Bridging nations: Danielle Heinecke's path from Kiama to High Commissioner
Bridging nations: Danielle Heinecke's path from Kiama to High Commissioner

12 July 2024, 12:00 AM

Former Kiama High School student Danielle Heinecke, has recently taken up residence at the High Commissioner’s residence in Kuala Lumpur, marking a significant milestone in her illustrious career. As a senior career officer with the Department of Foreign Affairs and Trade, Heinecke was most recently the First Assistant Secretary of the Pacific Melanesia Division and now serves as the High Commissioner to Malaysia.Danielle Heinecke's academic credentials are as impressive as her career trajectory. She holds a Bachelor of Commerce from the University of New South Wales, a Master of Arts in International Relations from the Australian National University, and a Master of Economics from the University of New England. With these qualifications, Heinecke entered the Australian diplomatic corps and has since served in various roles in Timor-Leste, Indonesia, and Papua New Guinea. She is proficient in Tetum and Tok Pisin, languages spoken in these regions.Australia and Malaysia enjoy robust economic ties. In 2022, Malaysia was Australia’s second-largest trading partner in ASEAN and the second-largest source of foreign investment from the region. The two countries are also close defence and security partners, collaborating under the Five Power Defence Arrangements and the Malaysia–Australia Joint Defence Program.In her role as High Commissioner, Ms. Heinecke oversees 46 departments, including Agriculture, Financial, Tourism, and Intelligence. Her extensive experience and leadership skills make her a pivotal figure in maintaining and enhancing the Australia-Malaysia relationship.On a recent overseas trip with his partner, Councillor Matt Brown took the opportunity to visit his old friend and former schoolmate Danielle Heinecke in Kuala Lumpur. During his visit, he reminisced about their shared history, including memories of Danielle’s mother, Ros Thomas, who was his science teacher at Kiama High School. Brown maintains regular contact with the Heinecke family, noting that Danielle’s father continues to work in Kiama.Danielle Heinecke’s journey from a local high school student to a significant diplomatic role exemplifies the far-reaching impact of dedication and education. Her story serves as an inspiration to many, illustrating how local roots can lead to global influence.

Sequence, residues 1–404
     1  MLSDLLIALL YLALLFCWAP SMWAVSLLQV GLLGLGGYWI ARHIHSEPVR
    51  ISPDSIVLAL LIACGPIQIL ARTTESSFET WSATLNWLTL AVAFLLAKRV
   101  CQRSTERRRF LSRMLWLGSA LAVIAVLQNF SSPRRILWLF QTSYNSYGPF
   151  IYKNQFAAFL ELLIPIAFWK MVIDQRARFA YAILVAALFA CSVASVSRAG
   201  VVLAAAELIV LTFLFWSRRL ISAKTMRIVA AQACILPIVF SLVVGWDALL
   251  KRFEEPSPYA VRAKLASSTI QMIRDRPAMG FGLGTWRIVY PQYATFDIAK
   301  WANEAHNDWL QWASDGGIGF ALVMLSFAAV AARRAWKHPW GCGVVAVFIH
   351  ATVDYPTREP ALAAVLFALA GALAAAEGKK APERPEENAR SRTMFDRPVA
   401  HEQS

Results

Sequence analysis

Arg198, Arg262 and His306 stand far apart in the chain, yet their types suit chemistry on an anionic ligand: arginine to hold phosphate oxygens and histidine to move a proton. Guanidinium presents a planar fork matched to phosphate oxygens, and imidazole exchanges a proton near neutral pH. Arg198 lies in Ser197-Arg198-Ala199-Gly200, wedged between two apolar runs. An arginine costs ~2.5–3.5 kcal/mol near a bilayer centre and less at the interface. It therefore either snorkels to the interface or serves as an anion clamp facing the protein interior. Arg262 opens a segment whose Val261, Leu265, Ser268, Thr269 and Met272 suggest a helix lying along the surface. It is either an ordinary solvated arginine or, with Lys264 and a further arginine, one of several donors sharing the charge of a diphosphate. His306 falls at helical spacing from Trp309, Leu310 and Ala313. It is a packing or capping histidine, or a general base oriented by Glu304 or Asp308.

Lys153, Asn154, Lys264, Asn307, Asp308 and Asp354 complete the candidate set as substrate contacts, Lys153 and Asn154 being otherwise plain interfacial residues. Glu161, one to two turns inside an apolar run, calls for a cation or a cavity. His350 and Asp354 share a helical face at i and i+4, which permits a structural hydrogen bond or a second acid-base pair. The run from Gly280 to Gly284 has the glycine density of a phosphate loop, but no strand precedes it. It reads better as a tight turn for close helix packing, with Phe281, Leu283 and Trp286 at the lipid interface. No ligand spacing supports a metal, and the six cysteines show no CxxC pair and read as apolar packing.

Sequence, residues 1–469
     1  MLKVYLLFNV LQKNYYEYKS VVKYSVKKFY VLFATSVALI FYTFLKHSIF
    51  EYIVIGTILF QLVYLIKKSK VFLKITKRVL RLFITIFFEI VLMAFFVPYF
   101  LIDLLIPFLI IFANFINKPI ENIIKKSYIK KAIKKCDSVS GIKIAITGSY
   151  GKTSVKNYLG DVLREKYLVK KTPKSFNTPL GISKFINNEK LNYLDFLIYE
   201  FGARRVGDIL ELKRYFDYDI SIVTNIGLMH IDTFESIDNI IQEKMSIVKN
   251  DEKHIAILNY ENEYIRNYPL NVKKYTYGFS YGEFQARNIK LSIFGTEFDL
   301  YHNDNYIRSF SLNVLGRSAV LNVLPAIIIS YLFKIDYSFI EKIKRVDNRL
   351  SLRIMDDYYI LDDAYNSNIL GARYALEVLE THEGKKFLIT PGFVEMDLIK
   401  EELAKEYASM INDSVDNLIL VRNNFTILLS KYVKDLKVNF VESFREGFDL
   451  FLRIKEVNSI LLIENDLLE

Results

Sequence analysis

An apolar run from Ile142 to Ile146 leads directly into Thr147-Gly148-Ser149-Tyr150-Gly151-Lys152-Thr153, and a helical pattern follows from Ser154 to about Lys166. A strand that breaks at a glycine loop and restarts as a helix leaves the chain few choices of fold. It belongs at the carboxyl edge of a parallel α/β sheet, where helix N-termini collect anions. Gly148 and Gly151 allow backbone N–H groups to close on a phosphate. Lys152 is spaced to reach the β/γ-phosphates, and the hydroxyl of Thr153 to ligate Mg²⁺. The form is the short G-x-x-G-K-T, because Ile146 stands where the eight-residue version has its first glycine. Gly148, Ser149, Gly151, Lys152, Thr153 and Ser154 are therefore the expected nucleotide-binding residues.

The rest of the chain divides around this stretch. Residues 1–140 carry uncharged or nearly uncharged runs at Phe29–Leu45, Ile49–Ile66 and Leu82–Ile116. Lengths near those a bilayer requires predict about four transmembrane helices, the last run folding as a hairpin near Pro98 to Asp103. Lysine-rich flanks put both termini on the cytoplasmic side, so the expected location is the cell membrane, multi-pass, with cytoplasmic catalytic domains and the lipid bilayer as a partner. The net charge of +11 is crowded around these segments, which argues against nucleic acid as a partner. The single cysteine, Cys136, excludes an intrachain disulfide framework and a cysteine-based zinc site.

Successful State Champs for Kiama Netball
Successful State Champs for Kiama Netball

11 July 2024, 12:13 AM

On the weekend of 5-8 July, the Kiama Netball Association (KNA) competed at the HART Junior State Titles, with both teams performing really well.The U13’s team won the title while the U12’s team came close and were the runners-up.The U12 Runners-Up“It’s been a little while since we’ve had that success, particularly with more than one team. Usually we might get one team out of the five or six that we send away, so to get the two of them being so successful is a pretty big thing for us,” says a thrilled KNA president Michelle Gregory.Gregory attributes the success to the hard work put in by the players and the team spirit within the group.“I think they've trained really hard, even with all the rain and everything that we’ve had, they kept training through it all. The coaches have worked hard on creating a really nice team spirit across the two different teams so that helped when games were close or tough. I think the girls really rallied around each other and helped get themselves over the line,” she says.The U13’s team were completely undefeated over the three days, even though they had a brief hiccup just before the weekend.“They had a last-minute change due to illness, and we had to withdraw a player on the Monday before they left and add in a training partner,” Gregory says.She explains that the whole weekend was successful, not only the results but also the relationships and the memories that the players made.“They were in the tents together the whole time, and on the court at the same time, so they did spend an awful lot of time together hearing from each other about how the games were going. I think there will be lots of netball memories for them.” The girls wore Destination Kiama caps, which they wrote messages on and gave to other teams.Councillor Matt Brown says that the success of the teams and this tradition of sharing caps is a great way for people to learn about the great place, which is Kiama.“I’m really pleased that our netball team are not only promoting their sport and their prowess, but they’re supporting visitors coming to Kiama. These girls are sharing their Kiama caps with girls from right around the state, and I think that is a wonderful thing that our sport is doing to promote Kiama as a destination.” 

Ode to a fallen horse
Ode to a fallen horse

06 July 2024, 10:00 PM